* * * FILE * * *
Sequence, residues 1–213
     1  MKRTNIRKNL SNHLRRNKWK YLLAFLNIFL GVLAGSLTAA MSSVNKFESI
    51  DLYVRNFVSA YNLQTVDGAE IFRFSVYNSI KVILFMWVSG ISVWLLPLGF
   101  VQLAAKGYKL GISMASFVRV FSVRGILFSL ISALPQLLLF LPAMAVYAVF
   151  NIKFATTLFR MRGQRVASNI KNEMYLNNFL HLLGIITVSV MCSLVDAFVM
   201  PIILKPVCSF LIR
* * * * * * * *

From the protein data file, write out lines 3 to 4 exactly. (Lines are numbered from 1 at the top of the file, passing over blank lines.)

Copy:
    51  DLYVRNFVSA YNLQTVDGAE IFRFSVYNSI KVILFMWVSG ISVWLLPLGF
   101  VQLAAKGYKL GISMASFVRV FSVRGILFSL ISALPQLLLF LPAMAVYAVF